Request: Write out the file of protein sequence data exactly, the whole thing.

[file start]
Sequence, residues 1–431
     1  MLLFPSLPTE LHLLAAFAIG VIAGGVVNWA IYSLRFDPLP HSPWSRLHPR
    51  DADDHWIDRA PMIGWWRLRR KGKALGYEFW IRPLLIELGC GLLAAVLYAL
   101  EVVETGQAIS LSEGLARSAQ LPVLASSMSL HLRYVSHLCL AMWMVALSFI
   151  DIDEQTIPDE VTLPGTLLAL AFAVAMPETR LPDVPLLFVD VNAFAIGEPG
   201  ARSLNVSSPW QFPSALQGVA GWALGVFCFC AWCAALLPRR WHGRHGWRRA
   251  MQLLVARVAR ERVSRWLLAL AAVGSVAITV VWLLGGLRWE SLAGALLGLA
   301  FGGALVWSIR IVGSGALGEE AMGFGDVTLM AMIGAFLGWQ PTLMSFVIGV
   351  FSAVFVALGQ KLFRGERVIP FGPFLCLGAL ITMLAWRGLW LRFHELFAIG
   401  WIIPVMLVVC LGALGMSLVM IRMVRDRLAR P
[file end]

Sequence, residues 1–431
     1  MLLFPSLPTE LHLLAAFAIG VIAGGVVNWA IYSLRFDPLP HSPWSRLHPR
    51  DADDHWIDRA PMIGWWRLRR KGKALGYEFW IRPLLIELGC GLLAAVLYAL
   101  EVVETGQAIS LSEGLARSAQ LPVLASSMSL HLRYVSHLCL AMWMVALSFI
   151  DIDEQTIPDE VTLPGTLLAL AFAVAMPETR LPDVPLLFVD VNAFAIGEPG
   201  ARSLNVSSPW QFPSALQGVA GWALGVFCFC AWCAALLPRR WHGRHGWRRA
   251  MQLLVARVAR ERVSRWLLAL AAVGSVAITV VWLLGGLRWE SLAGALLGLA
   301  FGGALVWSIR IVGSGALGEE AMGFGDVTLM AMIGAFLGWQ PTLMSFVIGV
   351  FSAVFVALGQ KLFRGERVIP FGPFLCLGAL ITMLAWRGLW LRFHELFAIG
   401  WIIPVMLVVC LGALGMSLVM IRMVRDRLAR P